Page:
• Sunday, June 23, 2024
businessday logo

BusinessDay

Marketers must increase prices to stay afloat — IPMAN

It is official: Petrol price deregulation is over, at least for now.

The Independent Petroleum Marketers Association of Nigeria (IPMAN) has said that its members need to increase the price of PMS to stay afloat and remain in business as the fundamentals of a deregulated market takes toll.

Chinedu Okoronkwo, IPMAN President, who granted interviews in line with the new development said following the removal of subsidy and the deregulation of the PMS market, many IPMAN members have gone out of business as they were unable to raise money to load from depots and the Nigerian National Petroleum Company (NNPC) Limited.

BusinessDay had earlier reported the significant increase in ex-depot price to over N470 per liter in June which was after the subsidy removal was announced.

Okoronkwo, said the crude oil market is operating with dollars which is now over $800, adding that the price of Brent crude is now over $79 per barrel.

Read also: FAAC windfall: Eyes on squandermania governors

“In a deregulated regime, what determines the price is cost, the product is imported and the volatility is there; you must get the price at the depot then you begin to add up other variables that will bring the escalation of the price a lot of things are suffering now because we cannot control market fundamentals,” he said.

Okoronkwo said with the price adjustment by the NNPCL on Tuesday morning, independent marketers raised their prices at retail outlets to match the reality of the times.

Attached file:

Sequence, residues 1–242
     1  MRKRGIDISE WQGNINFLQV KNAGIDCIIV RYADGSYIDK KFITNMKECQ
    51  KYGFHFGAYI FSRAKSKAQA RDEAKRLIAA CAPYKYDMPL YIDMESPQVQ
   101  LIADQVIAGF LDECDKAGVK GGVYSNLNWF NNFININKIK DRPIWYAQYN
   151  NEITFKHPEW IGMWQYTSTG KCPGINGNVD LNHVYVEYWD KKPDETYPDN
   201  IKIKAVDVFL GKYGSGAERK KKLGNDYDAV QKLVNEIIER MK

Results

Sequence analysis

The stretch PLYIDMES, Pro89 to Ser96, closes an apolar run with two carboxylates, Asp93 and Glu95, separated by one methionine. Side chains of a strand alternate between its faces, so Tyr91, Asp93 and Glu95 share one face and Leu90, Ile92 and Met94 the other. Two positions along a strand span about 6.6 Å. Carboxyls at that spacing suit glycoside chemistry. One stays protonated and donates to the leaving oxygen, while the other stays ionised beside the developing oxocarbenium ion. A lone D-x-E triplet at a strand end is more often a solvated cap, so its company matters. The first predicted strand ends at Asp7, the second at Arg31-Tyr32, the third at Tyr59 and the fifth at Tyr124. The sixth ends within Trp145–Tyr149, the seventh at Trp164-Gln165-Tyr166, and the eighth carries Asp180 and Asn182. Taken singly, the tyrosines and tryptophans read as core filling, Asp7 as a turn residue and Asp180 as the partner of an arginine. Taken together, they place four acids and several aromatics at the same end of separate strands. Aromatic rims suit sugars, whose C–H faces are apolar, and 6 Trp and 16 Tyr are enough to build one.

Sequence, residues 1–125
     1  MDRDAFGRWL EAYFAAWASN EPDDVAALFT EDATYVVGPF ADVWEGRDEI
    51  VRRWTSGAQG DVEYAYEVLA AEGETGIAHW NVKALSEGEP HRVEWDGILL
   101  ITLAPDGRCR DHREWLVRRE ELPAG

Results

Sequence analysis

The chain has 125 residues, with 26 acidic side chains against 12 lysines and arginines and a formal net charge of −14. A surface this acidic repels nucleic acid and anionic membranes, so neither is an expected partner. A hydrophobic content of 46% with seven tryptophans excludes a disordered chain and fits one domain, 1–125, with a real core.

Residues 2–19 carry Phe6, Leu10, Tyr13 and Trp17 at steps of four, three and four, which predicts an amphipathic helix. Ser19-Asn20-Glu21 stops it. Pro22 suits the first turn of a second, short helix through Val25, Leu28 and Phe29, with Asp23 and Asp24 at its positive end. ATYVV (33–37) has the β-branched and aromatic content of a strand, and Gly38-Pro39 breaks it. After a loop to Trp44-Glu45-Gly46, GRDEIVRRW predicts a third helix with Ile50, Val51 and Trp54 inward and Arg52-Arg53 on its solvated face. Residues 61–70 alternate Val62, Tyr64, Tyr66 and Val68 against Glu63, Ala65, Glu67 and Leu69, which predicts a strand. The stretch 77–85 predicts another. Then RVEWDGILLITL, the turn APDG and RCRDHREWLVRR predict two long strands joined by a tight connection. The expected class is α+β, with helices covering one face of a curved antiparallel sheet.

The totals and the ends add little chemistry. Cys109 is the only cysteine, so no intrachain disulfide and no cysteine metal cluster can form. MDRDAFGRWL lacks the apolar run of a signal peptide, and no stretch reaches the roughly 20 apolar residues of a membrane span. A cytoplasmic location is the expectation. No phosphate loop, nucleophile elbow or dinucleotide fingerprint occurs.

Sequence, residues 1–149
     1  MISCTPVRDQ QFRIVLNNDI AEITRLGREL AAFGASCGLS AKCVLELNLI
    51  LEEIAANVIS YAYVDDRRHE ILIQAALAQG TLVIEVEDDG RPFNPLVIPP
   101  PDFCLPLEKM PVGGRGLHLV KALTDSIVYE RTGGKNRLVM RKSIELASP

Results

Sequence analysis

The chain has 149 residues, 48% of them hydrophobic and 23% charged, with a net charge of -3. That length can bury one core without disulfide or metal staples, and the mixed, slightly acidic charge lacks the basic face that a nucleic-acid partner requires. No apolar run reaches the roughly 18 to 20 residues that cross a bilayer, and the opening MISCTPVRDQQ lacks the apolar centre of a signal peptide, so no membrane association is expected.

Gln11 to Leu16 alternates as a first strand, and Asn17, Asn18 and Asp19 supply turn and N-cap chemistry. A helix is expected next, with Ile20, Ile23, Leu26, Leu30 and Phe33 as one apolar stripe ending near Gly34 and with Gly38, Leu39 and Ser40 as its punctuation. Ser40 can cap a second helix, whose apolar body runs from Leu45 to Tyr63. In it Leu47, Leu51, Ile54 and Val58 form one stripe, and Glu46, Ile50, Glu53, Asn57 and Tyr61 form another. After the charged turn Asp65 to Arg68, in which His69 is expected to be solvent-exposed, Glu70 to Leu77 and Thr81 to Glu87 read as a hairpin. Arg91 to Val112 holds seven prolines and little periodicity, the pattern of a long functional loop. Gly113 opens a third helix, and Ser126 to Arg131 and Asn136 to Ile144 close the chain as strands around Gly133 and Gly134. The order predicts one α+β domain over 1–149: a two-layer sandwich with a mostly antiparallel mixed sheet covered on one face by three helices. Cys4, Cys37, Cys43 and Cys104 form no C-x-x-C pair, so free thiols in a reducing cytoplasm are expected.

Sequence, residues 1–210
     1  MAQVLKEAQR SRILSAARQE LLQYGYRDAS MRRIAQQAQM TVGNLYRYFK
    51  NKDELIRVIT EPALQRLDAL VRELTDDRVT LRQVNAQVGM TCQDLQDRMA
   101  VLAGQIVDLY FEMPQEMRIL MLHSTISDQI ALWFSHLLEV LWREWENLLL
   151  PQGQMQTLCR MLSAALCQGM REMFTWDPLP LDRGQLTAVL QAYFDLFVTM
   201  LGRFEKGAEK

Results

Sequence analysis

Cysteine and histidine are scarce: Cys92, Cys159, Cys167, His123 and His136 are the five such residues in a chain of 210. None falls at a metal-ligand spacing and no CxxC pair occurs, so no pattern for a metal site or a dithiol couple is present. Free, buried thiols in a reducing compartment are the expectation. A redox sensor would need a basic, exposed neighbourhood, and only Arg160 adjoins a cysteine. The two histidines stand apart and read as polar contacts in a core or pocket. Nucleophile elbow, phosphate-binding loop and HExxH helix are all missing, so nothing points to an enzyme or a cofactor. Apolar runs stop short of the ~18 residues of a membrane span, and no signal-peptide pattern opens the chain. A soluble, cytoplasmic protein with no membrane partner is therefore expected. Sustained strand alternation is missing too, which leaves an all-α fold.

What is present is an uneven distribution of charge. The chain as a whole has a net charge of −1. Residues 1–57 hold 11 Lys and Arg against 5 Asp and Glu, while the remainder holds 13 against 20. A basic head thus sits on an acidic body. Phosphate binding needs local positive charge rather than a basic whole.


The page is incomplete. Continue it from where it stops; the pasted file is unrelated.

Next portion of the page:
“You need to be in business. If you go back, you will go and buy at a new price. Assuming you are selling N520, then there is a sudden change from where you are getting it, you have to still be in business,” he said.

He added that some members have experienced situations whereby after loading their tankers, they received information about a new price change despite having to deal with the increase in the supposed old price.

Their situation is worsened by the lack of credit seeing that Nigerian banks had been burnt due to lending to oil marketers in the past and have no appetite for further lending.

Hence as their inventory runs out, many are now jittery over the reality that if they must remain in business they would have to source their dollars, import their own crude and truck it across Nigeria.

Okoronkwo said that the government must work on how to mitigate the effect of the price adjustment and ease the pressure on the dollar.

Farouk Ahmed, chief executive, Nigerian Midstream and Downstream Petroleum Regulatory Authority (NMDPRA) after a meeting with marketers on Monday said since the removal of subsidy , marketers have been encouraged to get licenses to import.

He said about 56 marketing companies applied and obtained the license to import PMS and about 10 indicated ability to import between July and September, three of which have landed cargos.